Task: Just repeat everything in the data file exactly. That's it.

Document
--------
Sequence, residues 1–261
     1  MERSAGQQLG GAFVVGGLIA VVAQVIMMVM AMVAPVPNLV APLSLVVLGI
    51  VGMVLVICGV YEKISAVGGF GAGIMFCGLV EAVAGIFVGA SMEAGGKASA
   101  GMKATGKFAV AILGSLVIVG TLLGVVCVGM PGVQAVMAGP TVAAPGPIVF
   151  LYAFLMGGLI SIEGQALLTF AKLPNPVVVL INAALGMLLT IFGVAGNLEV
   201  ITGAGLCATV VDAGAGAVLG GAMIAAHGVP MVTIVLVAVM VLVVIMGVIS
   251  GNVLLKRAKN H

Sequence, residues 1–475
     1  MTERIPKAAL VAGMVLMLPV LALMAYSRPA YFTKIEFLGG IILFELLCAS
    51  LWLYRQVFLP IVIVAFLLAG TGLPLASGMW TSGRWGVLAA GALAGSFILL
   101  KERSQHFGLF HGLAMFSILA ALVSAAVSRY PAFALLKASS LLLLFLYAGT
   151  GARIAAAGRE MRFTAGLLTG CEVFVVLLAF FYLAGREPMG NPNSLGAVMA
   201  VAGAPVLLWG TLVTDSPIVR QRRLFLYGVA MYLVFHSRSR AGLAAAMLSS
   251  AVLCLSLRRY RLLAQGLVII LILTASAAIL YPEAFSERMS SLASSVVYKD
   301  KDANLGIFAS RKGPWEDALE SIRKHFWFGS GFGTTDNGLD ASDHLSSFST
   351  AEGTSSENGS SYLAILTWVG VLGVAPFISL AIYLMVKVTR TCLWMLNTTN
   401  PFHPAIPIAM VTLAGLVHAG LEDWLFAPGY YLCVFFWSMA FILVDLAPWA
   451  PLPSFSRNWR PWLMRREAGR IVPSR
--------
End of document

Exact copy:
Sequence, residues 1–261
     1  MERSAGQQLG GAFVVGGLIA VVAQVIMMVM AMVAPVPNLV APLSLVVLGI
    51  VGMVLVICGV YEKISAVGGF GAGIMFCGLV EAVAGIFVGA SMEAGGKASA
   101  GMKATGKFAV AILGSLVIVG TLLGVVCVGM PGVQAVMAGP TVAAPGPIVF
   151  LYAFLMGGLI SIEGQALLTF AKLPNPVVVL INAALGMLLT IFGVAGNLEV
   201  ITGAGLCATV VDAGAGAVLG GAMIAAHGVP MVTIVLVAVM VLVVIMGVIS
   251  GNVLLKRAKN H

Sequence, residues 1–475
     1  MTERIPKAAL VAGMVLMLPV LALMAYSRPA YFTKIEFLGG IILFELLCAS
    51  LWLYRQVFLP IVIVAFLLAG TGLPLASGMW TSGRWGVLAA GALAGSFILL
   101  KERSQHFGLF HGLAMFSILA ALVSAAVSRY PAFALLKASS LLLLFLYAGT
   151  GARIAAAGRE MRFTAGLLTG CEVFVVLLAF FYLAGREPMG NPNSLGAVMA
   201  VAGAPVLLWG TLVTDSPIVR QRRLFLYGVA MYLVFHSRSR AGLAAAMLSS
   251  AVLCLSLRRY RLLAQGLVII LILTASAAIL YPEAFSERMS SLASSVVYKD
   301  KDANLGIFAS RKGPWEDALE SIRKHFWFGS GFGTTDNGLD ASDHLSSFST
   351  AEGTSSENGS SYLAILTWVG VLGVAPFISL AIYLMVKVTR TCLWMLNTTN
   401  PFHPAIPIAM VTLAGLVHAG LEDWLFAPGY YLCVFFWSMA FILVDLAPWA
   451  PLPSFSRNWR PWLMRREAGR IVPSR